The meaty link between a city’s football matches and its foul air

The traditional Asado al palo contest was held in Osorno, Chile.

Air-pollution surges in Santiago have been traced to the smoke that wafts up from match-day barbecues. Credit: Fernando Lavoz/NurPhoto/Getty

Environmental sciences

Chilean fans’ fervour for grilling leads to pollution spikes when the national team plays.

The skies of Santiago grow murky during the national football team’s biggest matches — because fans fire up their barbecues.

Local officials have suspected that smoke rising from charcoal- and wood-fired grills contributes to spikes in Santiago’s air pollution. To investigate that theory, Rémy Lapere at the Polytechnic Institute of Paris and his colleagues looked at air-quality data from 2014 to 2016 and found that the chemical make-up of the pollution matched that from grills but not that from other sources, such as traffic.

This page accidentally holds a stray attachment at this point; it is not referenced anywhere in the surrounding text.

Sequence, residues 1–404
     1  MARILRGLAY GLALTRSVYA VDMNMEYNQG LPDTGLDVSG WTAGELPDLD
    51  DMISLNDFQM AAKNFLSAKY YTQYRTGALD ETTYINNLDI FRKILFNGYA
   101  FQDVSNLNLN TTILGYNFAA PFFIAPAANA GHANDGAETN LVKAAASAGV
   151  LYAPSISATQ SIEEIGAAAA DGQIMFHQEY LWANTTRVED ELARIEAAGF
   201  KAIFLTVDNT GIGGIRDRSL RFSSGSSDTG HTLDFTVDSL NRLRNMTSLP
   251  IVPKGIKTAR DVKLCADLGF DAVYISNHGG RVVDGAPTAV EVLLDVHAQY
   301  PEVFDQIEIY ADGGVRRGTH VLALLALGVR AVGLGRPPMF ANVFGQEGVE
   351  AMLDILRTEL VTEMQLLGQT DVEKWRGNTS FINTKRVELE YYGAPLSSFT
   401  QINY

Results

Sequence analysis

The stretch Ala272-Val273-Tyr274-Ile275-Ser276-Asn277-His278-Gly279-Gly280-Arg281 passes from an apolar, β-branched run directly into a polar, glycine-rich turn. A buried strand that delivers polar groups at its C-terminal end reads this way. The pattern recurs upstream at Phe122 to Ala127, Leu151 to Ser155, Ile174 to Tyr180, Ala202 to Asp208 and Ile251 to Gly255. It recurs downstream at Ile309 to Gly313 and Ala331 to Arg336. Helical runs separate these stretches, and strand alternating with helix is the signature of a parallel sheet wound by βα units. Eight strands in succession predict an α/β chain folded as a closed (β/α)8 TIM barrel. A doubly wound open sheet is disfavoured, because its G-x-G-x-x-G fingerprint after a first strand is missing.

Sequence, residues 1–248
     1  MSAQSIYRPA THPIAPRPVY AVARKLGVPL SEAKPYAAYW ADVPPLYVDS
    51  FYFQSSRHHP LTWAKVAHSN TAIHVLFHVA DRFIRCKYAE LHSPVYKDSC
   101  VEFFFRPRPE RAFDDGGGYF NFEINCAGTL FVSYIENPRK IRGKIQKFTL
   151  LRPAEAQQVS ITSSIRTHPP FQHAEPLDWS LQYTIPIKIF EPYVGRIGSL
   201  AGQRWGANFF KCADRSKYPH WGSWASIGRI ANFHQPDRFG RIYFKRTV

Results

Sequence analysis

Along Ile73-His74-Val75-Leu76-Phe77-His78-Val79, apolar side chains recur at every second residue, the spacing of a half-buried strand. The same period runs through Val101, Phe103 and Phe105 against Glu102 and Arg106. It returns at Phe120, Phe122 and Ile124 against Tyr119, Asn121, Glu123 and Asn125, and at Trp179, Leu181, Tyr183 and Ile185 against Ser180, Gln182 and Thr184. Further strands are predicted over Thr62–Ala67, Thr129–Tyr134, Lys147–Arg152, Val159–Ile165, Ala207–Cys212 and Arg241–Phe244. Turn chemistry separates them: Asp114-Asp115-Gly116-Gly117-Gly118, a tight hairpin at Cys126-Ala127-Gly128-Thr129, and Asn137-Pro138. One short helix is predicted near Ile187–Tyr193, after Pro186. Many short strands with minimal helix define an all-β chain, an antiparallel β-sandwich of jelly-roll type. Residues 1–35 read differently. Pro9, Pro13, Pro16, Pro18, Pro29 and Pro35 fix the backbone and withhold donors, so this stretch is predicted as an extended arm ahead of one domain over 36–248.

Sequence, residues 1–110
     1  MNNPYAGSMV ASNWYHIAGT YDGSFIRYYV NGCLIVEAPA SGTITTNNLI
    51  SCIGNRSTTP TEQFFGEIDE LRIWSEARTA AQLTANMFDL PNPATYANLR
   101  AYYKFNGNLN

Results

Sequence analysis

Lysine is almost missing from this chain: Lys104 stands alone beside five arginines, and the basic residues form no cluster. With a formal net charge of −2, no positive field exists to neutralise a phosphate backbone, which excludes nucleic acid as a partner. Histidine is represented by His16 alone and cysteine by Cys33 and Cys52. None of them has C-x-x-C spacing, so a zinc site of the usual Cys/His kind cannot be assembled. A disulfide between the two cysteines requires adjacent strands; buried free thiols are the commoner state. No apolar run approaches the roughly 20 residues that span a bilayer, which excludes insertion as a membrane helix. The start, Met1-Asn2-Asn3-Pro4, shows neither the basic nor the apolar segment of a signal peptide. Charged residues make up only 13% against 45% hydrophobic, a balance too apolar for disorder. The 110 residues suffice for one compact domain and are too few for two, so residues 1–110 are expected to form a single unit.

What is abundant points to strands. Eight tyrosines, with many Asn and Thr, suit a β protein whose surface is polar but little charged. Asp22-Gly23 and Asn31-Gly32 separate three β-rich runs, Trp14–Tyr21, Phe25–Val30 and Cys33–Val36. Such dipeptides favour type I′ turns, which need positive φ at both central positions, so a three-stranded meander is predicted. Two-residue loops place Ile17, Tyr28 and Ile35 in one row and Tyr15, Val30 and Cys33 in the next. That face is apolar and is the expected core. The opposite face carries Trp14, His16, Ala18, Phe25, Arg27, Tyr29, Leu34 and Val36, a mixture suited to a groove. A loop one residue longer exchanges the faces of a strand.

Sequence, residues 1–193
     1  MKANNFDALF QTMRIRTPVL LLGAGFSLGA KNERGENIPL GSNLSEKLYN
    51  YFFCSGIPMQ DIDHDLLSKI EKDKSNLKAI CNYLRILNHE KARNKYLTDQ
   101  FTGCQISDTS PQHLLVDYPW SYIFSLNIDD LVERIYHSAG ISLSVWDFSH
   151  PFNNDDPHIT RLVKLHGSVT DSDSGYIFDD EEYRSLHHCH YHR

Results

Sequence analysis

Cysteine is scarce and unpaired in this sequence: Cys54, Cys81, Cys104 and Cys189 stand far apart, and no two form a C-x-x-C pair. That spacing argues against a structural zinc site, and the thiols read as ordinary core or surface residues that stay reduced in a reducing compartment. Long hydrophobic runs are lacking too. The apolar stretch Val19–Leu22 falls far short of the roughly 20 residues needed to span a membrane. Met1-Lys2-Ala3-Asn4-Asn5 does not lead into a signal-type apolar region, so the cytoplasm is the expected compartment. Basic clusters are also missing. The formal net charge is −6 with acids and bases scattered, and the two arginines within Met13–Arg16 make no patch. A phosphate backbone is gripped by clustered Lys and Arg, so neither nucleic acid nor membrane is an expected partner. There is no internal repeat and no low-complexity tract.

The researchers also found that pollution peaked sharply on certain winter days: those on which the Chilean football team had big games, such as during the World Cup or the Copa América tournament. The highest peaks occurred during kick-off hour on days before non-working days.

Such pollution spikes last only a few hours but can send people to hospital with breathing difficulties. The findings could help officials developing plans to fight air pollution, the authors say.

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